Doctorate hsnResearch Projects
Nanoscale magnetic field sensor beyond the Standard Quantum Limit

Nanoscale magnetic field sensor beyond the Standard Quantum Limit

Led by:  C. Klempt, W. Ertmer
Team:  F. Anders
Year:  2016

Atomic sensors allow for the precise measurement of many relevant quantities, including frequency (time), acceleration, rotation, and magnetic fields. For such measurements, the atoms are usually prepared in a superposition of two different states, in our case spin states. The quantity of interest, such as the magnetic field strength, is mapped onto a population imbalance by an interferometric protocol.

For conventional interferometric protocols and classical atomic states, the precision of such a measurement is fundamentally limited by the Standard Quantum Limit (SQL). Employing entangled atoms and novel measurement protocols, the SQL can be surpassed, allowing for entanglement-enhanced precision ultimately reaching the Heisenberg Limit in the ideal case [1, 2].

The actual enhancement due to the entanglement is however restricted by technical noise, most crucially by the detection noise (that is the ability to count the final number of atoms in the two spin states). Within this project, we already developed a novel interferometric protocol that mitigates the influence of imperfections in the detection [3]. We will also implement a better detection apparatus to finally count the atoms with single-particle resolution, allowing us to detect a large variety of entangled states.

In addition to great precision, the application as a magnetic sensor calls for a fine spatial resolution. Starting with an optically trapped atom cloud with a spread of a few micrometers, the resolution can be reduced by employing different spatially distributed states [4] or novel trap shapes.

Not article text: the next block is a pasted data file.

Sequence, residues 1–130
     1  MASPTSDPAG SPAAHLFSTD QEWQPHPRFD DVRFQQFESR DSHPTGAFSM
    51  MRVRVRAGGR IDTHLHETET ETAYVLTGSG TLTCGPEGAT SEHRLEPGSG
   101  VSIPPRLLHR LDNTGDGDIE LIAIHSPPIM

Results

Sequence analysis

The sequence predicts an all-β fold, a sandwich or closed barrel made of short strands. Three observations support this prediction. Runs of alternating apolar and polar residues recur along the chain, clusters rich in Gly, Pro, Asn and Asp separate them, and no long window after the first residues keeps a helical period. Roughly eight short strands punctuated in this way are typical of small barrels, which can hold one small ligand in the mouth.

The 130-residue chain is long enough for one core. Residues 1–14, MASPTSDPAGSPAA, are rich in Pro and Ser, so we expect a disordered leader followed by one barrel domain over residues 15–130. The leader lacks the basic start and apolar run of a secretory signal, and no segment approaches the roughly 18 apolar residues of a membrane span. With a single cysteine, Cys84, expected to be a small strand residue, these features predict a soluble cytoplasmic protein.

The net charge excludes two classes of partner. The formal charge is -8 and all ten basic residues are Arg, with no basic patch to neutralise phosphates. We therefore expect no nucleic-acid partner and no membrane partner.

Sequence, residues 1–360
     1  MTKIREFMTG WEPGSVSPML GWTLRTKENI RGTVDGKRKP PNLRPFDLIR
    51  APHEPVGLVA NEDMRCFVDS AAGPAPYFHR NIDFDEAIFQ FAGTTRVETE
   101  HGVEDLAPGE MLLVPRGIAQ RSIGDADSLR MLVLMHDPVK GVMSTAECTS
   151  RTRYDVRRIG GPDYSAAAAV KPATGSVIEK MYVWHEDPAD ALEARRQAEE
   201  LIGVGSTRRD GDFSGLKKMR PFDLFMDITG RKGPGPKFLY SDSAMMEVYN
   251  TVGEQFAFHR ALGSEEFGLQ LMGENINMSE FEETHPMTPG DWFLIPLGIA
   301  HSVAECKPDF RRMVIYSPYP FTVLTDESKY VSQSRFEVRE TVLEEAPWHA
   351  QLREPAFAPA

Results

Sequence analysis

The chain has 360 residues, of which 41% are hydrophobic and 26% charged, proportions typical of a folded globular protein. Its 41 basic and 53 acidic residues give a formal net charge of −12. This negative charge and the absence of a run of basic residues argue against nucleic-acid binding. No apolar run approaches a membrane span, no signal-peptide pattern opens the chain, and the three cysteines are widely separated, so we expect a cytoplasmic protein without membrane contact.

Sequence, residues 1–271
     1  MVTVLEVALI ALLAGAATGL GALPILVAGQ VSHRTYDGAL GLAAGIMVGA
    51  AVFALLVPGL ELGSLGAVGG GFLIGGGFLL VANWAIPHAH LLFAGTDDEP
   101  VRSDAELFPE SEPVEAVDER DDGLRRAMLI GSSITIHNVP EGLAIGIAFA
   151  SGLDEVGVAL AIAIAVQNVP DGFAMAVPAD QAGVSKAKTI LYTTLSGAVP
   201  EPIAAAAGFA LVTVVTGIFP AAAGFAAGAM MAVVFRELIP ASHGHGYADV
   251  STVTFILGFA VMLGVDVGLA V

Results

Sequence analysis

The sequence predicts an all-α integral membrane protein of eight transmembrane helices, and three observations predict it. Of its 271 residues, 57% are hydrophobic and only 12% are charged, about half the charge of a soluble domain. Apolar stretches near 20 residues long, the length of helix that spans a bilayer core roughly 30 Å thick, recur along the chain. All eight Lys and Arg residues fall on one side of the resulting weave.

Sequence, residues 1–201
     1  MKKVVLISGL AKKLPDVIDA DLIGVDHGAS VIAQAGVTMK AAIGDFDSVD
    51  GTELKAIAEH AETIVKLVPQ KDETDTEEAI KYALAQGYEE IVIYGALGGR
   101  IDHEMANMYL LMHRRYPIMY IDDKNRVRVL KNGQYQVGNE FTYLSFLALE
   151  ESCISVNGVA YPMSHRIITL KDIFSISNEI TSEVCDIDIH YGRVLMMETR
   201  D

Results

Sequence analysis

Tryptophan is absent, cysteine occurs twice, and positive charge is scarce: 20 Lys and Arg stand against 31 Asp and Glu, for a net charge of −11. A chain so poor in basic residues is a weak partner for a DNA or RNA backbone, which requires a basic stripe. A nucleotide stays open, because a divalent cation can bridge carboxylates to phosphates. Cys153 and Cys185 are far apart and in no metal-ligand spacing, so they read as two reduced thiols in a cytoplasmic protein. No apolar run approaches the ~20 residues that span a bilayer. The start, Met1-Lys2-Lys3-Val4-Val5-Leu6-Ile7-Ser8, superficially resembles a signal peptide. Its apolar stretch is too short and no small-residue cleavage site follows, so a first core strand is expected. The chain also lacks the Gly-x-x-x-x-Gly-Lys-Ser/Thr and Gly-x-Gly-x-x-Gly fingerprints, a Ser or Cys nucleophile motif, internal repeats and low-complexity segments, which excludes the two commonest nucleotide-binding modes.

The ambition of this project is to demonstrate the resolution of magnetic field structures below a micrometer, pushing towards the nanometer scale, measured with an outstanding precision beyond the SQL.

The figure shows a schematic visualization of the developed detection-noise robust interferometric scheme on the generalized Bloch sphere. (i) An entangled state is prepared, here leading to a state represented by an ellipse (prone to detection-noise). (ii) The interferometric protocol shifts the state. (iii) Inverse dynamics to (i) amplifies the shift (signal) and leaves us with a classical state to detect (robust to detection-noise). The protocol retains the signal-to-noise ratio and thereby the entanglement-enhanced precision.

[1] B. Lücke, M. Scherer, J. Kruse, L. Pezzé, F. Deuretzbacher, P. Hyllus, O. Topic, J. Peise, W. Ertmer, J. Arlt, L. Santos, A. Smerzi, C. Klempt, Twin matter waves for interferometry beyond the classical limit, Science 334, 773 (2011).

[2] B. Lücke, J. Peise, G. Vitagliano, J. Arlt, L. Santos, G. Tóth, C. Klempt, Detecting multiparticle entanglement of Dicke states, Phys. Rev. Lett. 112, 155304 (2014).

[3] F. Anders, L. Pezzè, A. Smerzi, C. Klempt, Phase magnification by two-axis counter-twisting for detection noise robust interferometry, arXiv:1711.02658.

[4] K. Lange, J. Peise, B. Lücke, I. Kruse, G. Vitagliano, I. Apellaniz, M. Kleinmann, G. Toth, C. Klempt, Entanglement between two spatially separated atomic modes, arXiv:1708.02480.